The Supreme Court’s decision in Citizens United seems to represent a giant leap backwards for our democracy, after decades of gathering corporate influence in Washington. It is difficult to find the words to keep pace. Didn’t corporate elites already own our politicians? Weren’t left and right already rebelling against the tyrannical center hewed out by mushy, big money interests? Wasn’t our rhetoric already a bit overblown?
The New York Times managed to kick it up a notch in its editorial this morning, opening with this line: “With a single, disastrous 5-to-4 ruling, the Supreme Court has thrust politics back to the robber-baron era of the 19th century.”
While a number of policy solutions are being bandied about in Washington, I am not optimistic that they will gain any traction. This decision was preceded by an inexorable, decades-long slide toward full-blown corporatism. Members of Congress are already badly beholden to corporate donors, and spend much of their time currying favor with these patrons; the idea that they would cross them, in concert, seems far-fetched. Indeed, one legislative fight that looks wholly unwinnable in the wake of this decision is a fight that takes on corporate interests directly. And no other issue so cleanly divides the corporate class from the rest of us people-folk.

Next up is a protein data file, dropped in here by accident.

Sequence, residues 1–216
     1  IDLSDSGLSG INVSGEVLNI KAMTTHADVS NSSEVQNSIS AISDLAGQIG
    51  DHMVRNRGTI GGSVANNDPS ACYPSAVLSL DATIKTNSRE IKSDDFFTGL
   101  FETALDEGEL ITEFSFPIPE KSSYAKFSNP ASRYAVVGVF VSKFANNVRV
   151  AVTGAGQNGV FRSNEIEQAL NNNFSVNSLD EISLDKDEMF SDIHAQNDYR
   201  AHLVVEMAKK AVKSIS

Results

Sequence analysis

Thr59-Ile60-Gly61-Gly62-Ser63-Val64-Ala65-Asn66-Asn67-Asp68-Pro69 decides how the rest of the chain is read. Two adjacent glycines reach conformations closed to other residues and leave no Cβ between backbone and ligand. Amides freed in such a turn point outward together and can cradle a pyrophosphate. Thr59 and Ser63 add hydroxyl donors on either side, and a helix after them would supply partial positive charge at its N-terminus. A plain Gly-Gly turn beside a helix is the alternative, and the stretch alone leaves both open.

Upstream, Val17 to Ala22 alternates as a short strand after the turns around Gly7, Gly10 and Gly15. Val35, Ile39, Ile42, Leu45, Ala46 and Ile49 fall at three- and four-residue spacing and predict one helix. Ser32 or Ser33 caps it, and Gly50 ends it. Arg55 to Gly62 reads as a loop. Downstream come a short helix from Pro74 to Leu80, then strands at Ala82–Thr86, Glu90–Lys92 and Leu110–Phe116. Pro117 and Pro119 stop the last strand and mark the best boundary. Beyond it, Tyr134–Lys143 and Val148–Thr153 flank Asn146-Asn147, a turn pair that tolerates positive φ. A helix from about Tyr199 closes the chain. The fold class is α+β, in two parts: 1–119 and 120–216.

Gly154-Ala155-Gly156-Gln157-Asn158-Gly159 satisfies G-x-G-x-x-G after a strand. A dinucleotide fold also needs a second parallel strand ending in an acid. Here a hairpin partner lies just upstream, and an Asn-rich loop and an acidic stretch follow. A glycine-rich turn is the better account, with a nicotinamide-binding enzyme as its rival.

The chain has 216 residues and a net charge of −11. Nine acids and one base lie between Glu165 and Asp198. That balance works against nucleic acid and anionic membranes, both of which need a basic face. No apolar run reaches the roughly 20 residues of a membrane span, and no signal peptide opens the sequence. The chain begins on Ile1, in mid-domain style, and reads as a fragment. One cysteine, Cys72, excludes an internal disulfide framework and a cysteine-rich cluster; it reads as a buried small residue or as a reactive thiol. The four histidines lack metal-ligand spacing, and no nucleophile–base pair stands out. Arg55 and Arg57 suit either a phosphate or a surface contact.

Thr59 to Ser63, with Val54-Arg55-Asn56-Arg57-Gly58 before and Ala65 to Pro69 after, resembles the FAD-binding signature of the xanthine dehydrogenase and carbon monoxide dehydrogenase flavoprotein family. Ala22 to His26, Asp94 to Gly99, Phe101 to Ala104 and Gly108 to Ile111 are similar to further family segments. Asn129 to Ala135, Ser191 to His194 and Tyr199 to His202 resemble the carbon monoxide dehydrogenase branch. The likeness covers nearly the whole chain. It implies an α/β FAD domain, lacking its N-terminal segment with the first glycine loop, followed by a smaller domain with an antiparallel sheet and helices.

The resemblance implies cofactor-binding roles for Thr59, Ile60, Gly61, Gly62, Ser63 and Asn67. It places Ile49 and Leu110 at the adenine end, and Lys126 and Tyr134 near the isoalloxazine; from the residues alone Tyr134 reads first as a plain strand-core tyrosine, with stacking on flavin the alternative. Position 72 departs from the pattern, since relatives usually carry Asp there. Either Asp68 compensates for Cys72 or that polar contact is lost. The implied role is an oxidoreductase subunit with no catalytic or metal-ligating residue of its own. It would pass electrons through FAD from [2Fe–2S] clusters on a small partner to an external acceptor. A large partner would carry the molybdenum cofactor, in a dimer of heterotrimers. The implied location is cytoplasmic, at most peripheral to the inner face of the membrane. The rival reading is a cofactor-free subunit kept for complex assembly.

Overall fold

Beyond that, this is a major boon to the entire political class in Washington — not just electeds, but lobbyists, consultants, public relations specialists (all of the people we profile on LittleSis). If recent history is any guide, the Washington elite will welcome this wave of corporate cash and continue on with their own desperate and cynical pursuits of power.
Recent history is also a guide to what we should expect to come out of this decision.
The healthcare reform fight is likely a template for legislative battles ahead: extended corporate food fights where monied interests compete for the biggest piece of the pie. Members of Washington’s political elite will extract even greater profits from volatility and tensions within corporate America. Fights that actually concern relatively trivial differences in how much the government can do to help which sets of corporations will be dressed up as if they were epic battles over what’s in the public interest.
In other words, more of the same.
Since most of the country was sickened by the healthcare reform battle, it’s hard to believe that this sort of system is sustainable. How long will we continue to stomach this charade, especially given the country’s economic plight? Still, there seems to be no end in sight.
In the meantime, all eyes on the robber barons! As long as our democracy is for sale, we might as well re-double our efforts to find out who owns it. LittleSis is an excellent place to start.